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Wednesday, April 1, 2015
Best Thyroid Test For Me After Atrial Fibrillation Incident
I had a TSH of 15.9 and a T4 Free of 0.9 at 5:30 a.m. when I was admitted to the hospital with atrial fibrillation and tachycardia (I have a prolapsed mitral valve). One week later my TSH was 4.75 at 6p.m., and a month after that TSH 5.03 and free T4 0.93 at 9a.m.. I am to follow up in 6 months on the TSH, was not and am not on any meds, except now for baby aspirin since the afib incident. Could that high TSH NOT have been an error, and, if it was accurate, could it cause afib? I do have some symptoms of hypothyroidism, such as usually a low pulse and blood pressure. Is free T4 the same as T4? Thank you.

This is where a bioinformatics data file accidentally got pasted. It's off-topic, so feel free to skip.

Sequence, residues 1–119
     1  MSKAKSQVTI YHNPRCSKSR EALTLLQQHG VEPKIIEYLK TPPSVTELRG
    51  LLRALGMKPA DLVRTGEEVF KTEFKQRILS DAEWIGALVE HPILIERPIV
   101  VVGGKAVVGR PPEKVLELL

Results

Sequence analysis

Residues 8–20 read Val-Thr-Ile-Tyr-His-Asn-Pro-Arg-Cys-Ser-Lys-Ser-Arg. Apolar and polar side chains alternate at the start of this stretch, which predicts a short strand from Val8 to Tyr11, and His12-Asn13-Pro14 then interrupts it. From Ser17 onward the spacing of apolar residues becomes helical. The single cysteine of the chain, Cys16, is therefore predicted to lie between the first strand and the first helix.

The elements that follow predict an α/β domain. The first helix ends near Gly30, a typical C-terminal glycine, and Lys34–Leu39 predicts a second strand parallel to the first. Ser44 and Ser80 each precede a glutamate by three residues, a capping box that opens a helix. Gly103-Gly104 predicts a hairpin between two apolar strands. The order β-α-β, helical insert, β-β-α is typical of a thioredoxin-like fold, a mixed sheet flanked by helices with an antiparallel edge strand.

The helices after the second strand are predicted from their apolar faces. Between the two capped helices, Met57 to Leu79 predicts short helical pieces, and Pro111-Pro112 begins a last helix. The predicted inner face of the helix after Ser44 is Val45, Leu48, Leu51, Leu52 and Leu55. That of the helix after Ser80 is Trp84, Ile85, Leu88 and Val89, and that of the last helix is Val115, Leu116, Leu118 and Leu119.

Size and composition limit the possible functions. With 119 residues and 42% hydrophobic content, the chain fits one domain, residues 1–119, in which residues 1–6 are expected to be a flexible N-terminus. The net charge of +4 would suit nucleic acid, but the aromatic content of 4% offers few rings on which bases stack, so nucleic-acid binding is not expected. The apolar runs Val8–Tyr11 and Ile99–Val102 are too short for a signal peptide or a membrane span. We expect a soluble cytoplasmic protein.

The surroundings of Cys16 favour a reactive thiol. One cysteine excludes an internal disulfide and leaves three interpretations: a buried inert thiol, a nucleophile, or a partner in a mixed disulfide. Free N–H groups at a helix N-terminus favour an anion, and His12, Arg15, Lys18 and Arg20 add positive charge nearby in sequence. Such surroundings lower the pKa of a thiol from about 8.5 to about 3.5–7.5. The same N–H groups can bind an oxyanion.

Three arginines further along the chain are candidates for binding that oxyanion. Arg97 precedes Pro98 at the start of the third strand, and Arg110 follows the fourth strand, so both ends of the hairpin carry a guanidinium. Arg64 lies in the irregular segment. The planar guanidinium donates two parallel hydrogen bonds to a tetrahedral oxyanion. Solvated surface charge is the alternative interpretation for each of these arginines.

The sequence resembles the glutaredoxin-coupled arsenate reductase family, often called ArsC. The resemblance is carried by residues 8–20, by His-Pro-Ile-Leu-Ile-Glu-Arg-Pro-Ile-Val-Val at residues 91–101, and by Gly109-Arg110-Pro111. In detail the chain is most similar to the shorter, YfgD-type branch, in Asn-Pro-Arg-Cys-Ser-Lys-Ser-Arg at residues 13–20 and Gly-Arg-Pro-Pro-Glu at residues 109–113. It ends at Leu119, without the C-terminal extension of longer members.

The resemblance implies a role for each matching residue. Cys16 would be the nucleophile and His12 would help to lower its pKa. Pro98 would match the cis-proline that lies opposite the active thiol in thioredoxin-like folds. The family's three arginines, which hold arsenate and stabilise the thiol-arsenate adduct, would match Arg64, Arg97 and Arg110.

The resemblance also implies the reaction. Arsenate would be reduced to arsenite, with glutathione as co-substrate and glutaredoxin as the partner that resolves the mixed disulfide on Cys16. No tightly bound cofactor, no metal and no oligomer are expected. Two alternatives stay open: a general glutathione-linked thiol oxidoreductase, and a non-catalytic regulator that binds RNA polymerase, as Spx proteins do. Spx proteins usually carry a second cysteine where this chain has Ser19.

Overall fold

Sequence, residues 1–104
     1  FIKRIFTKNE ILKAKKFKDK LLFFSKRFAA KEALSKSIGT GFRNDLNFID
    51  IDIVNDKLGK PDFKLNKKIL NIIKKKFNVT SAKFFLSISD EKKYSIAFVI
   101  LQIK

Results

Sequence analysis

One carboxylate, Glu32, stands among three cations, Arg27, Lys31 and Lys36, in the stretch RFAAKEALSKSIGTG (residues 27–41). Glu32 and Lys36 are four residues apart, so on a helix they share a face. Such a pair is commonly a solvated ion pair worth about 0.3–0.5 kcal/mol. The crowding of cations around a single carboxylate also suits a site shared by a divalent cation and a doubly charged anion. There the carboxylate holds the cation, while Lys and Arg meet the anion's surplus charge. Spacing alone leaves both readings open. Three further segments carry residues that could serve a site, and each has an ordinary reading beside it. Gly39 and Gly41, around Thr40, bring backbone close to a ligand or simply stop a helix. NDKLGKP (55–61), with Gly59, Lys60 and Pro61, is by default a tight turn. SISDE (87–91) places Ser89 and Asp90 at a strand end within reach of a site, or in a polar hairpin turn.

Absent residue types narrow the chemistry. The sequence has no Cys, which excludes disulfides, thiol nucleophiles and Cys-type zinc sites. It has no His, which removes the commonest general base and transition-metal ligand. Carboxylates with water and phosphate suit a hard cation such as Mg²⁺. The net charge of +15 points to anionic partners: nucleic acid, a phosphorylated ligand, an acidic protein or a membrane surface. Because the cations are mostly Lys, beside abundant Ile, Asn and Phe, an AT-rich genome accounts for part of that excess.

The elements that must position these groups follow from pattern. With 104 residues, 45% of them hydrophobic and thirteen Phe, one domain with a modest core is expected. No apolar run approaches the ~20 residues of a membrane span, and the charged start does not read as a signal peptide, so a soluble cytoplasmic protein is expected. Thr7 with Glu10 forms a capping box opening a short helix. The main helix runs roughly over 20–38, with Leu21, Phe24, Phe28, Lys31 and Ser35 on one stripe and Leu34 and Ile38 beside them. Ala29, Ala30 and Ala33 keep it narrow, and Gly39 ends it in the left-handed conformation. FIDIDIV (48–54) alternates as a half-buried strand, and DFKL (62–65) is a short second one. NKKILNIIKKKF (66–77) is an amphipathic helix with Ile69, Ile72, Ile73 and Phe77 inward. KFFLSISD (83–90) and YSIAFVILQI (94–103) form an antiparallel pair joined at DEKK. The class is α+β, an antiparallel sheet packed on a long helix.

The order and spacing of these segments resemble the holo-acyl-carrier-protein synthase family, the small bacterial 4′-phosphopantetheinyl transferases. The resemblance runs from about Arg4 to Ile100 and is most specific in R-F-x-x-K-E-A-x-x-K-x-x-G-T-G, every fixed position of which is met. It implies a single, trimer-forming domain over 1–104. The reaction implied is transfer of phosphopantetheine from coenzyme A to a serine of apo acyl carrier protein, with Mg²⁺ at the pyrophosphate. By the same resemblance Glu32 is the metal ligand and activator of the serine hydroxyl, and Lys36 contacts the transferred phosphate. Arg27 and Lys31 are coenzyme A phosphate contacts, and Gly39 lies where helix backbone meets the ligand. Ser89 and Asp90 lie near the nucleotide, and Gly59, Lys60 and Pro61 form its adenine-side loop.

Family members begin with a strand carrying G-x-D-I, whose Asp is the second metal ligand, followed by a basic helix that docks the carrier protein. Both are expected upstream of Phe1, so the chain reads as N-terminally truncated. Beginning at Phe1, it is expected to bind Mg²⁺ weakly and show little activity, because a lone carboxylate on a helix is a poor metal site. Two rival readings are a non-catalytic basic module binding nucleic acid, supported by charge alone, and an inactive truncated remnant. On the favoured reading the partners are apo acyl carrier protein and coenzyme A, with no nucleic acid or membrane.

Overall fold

Sometimes just being sick enough to land in the hospital is enough to make your thyroid blood tests temporarily abnormal. Given the two normal TSH's after discharge, I think it is reasonable to keep an eye on it at this point rather than committing you to a lifetime of therapy that you may or may not need. In any case it would be a low TSH (indicating excessive T4 levels) that would be associated with atrial fibrillation, so even if you did have hypothyroidism it wouldn't explain the heart problem. The free T4 measures only the active form of thyroid hormone, whereas the T4 measures the active form plus the protein-bound, inactive form. Therefore the free T4 is the better test.
Thomas A Murphy, MD, FACP, FACE
Associate Professor of Medicine
School of Medicine
Case Western Reserve University